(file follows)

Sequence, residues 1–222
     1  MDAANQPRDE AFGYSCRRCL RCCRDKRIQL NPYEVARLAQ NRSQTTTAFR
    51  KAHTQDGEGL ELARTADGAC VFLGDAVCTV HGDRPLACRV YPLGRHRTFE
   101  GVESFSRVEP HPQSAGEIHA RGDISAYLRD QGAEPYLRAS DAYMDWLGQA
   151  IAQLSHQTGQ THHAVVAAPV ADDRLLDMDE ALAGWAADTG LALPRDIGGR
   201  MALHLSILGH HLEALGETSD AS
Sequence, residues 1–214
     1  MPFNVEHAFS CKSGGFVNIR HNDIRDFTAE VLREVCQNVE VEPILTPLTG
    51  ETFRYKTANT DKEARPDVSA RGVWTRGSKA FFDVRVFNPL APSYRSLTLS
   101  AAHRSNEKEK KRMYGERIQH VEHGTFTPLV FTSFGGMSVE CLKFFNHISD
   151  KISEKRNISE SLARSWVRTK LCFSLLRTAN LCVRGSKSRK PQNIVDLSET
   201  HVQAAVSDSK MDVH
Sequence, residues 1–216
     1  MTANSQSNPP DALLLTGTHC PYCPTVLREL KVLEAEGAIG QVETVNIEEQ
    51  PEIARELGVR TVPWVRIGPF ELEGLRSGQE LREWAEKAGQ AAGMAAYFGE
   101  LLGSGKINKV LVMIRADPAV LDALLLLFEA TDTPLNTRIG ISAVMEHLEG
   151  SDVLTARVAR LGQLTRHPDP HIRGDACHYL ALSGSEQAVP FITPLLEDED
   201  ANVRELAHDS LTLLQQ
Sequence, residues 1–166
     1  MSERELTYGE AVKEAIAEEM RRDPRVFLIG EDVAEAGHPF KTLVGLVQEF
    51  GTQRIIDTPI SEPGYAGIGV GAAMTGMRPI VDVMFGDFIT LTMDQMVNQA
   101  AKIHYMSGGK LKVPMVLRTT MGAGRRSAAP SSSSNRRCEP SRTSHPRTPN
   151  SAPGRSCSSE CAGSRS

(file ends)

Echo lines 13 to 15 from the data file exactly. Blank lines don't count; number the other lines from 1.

Sequence, residues 1–216
     1  MTANSQSNPP DALLLTGTHC PYCPTVLREL KVLEAEGAIG QVETVNIEEQ
    51  PEIARELGVR TVPWVRIGPF ELEGLRSGQE LREWAEKAGQ AAGMAAYFGE